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PHEV Economics

Discussion in 'Tesla Motors' started by tonybelding, May 10, 2007.

  1. tonybelding

    tonybelding Active Member

    Joined:
    Aug 17, 2006
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    1,091
    Location:
    Hamilton, Texas
    Some people have been pointing toward plug-in hybrid electric vehicles (PHEVs) as a stepping stone towards pure battery-electric vehicles (BEVs).  From a technological standpoint I can see that.  From an economic standpoint, I'm not so sure.

    You need to take into account the hundreds of millions of gasoline-powered vehicles already on the road, and what's going to happen to them, because they aren't going to just evaporate.  When people start switching over to electric cars in large numbers, you can imagine the prices of gasoline cars will collapse.  Used gas cars will be dirt cheap.  Some may be converted to electric drive, but sheer numbers suggest that most of them won't be.  For the person trading up to an electric car, there won't be a lot of incentive to sell off the old car -- they wouldn't get much for it.  Instead they may feel inclined to keep it for those occasional long highway trips.

    If you have both a new electric car and an old gasoline-powered car in your garage, then you don't need a PHEV.  The main problem a PHEV was meant to solve -- limited driving range -- is not a problem for you.  And since you are driving the electric car most of the time, the gas car could last you a very long time before it ever wears out.  By the time it does wear out, BEVs may then have 500+ miles range and PHEVs will effectively be obsolete.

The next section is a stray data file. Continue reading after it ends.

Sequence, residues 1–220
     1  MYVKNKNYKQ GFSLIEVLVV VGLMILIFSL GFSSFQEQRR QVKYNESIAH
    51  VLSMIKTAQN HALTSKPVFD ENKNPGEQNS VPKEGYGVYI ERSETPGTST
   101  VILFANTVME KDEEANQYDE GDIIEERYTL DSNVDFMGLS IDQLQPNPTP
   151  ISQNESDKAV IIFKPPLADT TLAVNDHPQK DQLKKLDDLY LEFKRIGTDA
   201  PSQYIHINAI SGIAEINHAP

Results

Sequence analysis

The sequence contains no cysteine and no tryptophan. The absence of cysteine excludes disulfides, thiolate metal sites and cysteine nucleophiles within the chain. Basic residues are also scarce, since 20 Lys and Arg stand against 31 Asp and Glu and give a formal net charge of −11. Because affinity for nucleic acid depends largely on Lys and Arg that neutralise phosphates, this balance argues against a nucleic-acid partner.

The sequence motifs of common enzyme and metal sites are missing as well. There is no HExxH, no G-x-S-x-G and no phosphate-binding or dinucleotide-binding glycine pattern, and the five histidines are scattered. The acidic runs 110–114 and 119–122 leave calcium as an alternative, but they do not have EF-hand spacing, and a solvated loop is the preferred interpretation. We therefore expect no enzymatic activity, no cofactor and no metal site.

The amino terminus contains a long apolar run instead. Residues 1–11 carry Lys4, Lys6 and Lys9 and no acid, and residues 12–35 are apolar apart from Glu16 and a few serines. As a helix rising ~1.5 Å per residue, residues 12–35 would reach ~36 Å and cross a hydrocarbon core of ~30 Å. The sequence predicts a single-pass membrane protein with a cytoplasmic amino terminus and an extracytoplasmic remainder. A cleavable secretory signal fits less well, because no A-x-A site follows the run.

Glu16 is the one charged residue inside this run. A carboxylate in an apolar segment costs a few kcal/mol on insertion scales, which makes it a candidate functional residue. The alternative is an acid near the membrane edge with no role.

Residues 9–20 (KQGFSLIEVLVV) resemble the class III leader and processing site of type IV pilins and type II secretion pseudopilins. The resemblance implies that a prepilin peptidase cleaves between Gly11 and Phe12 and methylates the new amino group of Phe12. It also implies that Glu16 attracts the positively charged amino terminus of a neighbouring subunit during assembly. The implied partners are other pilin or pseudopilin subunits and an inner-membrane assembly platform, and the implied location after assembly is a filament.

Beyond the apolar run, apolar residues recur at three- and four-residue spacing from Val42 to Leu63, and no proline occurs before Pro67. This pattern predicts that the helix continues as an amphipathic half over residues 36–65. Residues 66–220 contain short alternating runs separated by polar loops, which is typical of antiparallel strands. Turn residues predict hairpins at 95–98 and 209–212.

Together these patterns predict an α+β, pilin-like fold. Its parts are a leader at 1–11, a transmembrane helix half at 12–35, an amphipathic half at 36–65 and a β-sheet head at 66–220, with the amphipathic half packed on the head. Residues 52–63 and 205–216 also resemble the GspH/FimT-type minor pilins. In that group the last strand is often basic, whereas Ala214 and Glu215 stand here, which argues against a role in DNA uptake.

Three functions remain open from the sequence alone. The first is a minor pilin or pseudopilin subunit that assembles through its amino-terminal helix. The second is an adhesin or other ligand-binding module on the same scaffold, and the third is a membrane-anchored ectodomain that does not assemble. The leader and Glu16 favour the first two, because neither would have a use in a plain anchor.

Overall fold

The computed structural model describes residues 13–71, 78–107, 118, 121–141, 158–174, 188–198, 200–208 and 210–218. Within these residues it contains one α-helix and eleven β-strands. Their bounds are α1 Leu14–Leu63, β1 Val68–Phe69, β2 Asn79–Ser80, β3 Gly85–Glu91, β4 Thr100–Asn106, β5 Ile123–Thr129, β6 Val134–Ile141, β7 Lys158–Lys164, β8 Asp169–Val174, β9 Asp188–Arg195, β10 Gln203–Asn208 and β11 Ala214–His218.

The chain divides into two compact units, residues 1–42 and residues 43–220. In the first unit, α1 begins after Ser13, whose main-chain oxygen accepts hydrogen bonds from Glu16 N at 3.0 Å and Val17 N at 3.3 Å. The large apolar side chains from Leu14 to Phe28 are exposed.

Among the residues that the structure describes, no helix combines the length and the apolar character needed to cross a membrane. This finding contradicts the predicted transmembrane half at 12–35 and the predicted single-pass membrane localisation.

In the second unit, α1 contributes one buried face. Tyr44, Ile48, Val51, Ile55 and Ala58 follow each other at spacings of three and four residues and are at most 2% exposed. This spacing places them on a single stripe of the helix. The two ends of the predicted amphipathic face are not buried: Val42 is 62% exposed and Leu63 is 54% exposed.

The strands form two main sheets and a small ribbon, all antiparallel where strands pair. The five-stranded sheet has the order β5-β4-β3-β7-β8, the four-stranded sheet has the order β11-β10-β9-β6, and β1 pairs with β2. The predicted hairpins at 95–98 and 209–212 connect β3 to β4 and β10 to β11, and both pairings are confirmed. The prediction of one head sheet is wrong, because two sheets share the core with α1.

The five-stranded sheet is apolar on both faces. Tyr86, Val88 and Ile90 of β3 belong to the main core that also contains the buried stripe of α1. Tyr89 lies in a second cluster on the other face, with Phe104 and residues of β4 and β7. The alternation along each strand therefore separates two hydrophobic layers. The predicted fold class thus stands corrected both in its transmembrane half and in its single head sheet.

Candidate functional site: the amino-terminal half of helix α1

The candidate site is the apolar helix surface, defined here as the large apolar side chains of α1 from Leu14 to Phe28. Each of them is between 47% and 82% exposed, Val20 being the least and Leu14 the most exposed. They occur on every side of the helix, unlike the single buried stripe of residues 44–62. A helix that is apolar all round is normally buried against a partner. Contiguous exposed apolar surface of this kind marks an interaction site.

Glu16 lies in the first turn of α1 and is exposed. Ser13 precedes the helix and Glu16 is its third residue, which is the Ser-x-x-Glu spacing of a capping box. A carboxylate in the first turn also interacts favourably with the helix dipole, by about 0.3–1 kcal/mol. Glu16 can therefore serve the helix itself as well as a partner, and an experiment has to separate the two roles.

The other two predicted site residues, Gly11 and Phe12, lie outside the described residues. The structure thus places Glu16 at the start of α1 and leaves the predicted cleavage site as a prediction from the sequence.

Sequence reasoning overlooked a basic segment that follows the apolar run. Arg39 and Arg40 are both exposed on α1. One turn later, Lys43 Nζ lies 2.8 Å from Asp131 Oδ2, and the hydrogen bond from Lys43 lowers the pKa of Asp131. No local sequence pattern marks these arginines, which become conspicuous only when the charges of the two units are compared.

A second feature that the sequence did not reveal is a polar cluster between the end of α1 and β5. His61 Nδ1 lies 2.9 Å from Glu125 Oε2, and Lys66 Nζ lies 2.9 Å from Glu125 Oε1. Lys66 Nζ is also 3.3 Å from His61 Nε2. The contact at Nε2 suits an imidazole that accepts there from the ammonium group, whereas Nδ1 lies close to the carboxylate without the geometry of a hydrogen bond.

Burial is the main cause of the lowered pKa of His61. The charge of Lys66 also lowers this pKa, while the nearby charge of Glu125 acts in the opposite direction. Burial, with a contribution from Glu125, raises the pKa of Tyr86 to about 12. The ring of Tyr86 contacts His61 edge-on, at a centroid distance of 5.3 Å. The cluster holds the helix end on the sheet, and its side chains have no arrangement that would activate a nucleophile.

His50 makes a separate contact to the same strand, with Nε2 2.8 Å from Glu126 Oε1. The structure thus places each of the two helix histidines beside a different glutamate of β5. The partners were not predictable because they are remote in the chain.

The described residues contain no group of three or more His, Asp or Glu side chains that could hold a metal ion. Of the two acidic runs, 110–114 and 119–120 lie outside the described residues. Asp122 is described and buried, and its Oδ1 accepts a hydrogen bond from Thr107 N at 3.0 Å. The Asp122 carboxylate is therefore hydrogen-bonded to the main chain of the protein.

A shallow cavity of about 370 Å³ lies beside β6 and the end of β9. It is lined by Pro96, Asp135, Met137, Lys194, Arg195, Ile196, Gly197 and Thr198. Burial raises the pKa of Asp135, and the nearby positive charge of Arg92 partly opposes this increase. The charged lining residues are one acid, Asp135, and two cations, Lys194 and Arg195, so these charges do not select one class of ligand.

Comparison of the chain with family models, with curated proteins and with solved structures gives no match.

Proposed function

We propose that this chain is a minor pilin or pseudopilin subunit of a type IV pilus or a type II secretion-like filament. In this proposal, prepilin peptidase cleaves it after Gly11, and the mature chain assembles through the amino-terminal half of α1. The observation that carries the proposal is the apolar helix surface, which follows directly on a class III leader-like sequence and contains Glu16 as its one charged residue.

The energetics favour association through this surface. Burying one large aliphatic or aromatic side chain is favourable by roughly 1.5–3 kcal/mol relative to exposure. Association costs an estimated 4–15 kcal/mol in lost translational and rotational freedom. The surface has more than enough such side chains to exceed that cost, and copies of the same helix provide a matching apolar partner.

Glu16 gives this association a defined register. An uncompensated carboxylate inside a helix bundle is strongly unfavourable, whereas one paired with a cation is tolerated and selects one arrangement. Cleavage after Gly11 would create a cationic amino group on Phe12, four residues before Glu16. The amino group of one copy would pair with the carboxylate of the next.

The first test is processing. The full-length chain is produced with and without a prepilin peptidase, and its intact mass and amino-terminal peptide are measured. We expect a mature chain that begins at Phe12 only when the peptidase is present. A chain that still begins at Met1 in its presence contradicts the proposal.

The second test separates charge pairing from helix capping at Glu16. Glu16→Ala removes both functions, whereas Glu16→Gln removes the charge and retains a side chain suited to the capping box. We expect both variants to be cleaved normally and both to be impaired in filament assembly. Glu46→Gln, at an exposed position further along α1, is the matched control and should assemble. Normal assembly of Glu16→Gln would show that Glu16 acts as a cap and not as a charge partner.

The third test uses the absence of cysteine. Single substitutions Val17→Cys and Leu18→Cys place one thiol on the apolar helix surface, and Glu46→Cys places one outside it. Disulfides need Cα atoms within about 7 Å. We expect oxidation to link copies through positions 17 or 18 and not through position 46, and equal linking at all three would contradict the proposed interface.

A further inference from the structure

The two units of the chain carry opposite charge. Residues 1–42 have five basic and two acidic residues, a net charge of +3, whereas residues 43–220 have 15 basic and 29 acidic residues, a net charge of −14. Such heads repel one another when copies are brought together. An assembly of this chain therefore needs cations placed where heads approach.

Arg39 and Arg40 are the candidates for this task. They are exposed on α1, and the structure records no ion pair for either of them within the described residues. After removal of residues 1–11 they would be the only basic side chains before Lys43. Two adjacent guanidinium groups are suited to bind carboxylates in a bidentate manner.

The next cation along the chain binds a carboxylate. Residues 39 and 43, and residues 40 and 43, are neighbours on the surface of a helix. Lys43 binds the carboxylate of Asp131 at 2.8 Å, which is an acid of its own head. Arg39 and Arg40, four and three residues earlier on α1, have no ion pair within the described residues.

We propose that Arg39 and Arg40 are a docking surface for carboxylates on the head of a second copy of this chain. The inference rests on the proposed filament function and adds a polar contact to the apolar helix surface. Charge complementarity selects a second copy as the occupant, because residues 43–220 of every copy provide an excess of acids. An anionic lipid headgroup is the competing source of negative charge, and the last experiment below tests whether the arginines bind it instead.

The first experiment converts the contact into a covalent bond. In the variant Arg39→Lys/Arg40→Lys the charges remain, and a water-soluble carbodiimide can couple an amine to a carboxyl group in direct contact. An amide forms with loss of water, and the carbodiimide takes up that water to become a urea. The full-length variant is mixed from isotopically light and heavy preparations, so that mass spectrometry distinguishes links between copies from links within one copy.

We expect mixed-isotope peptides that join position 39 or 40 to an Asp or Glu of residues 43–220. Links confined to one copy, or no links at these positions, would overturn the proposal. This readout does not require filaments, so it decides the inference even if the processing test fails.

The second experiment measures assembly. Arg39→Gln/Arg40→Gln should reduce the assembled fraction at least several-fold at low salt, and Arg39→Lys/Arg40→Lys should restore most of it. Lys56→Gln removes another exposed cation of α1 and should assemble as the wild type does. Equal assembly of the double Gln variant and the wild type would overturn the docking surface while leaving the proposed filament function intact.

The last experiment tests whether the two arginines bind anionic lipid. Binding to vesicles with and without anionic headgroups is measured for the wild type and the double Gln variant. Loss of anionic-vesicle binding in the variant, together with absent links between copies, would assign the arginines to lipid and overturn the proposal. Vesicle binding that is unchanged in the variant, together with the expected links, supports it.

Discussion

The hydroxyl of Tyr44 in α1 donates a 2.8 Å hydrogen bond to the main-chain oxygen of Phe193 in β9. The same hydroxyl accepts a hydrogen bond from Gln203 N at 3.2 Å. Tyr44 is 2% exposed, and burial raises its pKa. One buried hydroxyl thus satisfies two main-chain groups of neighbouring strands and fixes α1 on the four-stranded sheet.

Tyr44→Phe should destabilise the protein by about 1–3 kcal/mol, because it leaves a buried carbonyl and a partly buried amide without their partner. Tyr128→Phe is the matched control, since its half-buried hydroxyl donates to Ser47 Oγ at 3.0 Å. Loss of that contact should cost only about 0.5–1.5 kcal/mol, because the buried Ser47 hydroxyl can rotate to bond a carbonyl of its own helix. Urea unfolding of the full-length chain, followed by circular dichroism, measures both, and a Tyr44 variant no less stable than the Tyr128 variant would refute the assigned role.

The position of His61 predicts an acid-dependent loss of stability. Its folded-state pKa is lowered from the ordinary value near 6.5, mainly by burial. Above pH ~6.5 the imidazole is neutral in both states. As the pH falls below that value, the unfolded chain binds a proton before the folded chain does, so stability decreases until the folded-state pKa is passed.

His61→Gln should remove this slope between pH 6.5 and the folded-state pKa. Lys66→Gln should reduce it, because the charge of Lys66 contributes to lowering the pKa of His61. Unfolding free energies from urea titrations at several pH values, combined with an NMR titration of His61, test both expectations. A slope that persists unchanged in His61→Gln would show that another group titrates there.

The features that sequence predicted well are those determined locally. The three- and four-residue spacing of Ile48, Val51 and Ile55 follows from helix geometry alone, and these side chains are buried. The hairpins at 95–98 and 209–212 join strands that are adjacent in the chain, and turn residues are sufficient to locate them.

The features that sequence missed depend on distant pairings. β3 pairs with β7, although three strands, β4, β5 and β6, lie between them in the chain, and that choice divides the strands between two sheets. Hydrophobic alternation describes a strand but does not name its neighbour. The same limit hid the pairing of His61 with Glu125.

Some people simply can't keep two cars, because they don't have room, or for other reasons. . .  and for them a PHEV may be a fine thing.  However, a lot of people in this country already have two or more cars, so this multi-car scenario I've described isn't a big leap for them.
     
  2. Michael

    Michael Member

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    Aug 25, 2006
    Messages:
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    I would agree that those of us looking to buy a vehicle in the near term; at least until BEV's are able to reach a much longer range, and there is an infrastructure established to get a quick (er) recharge, it's very likely that a PHEV will be the vechicle of choice. I would imagine that we're still quite a ways off from achieving this mass conversion so ICE vechicles won't be losing all their value overnight, although I also would agree that the depreciation should excelerate during the transition.

    I, for one, have no interest in having to maintain two vehicles, so I'm motivated to focus on a solution that doesn't require significant compromises.
     

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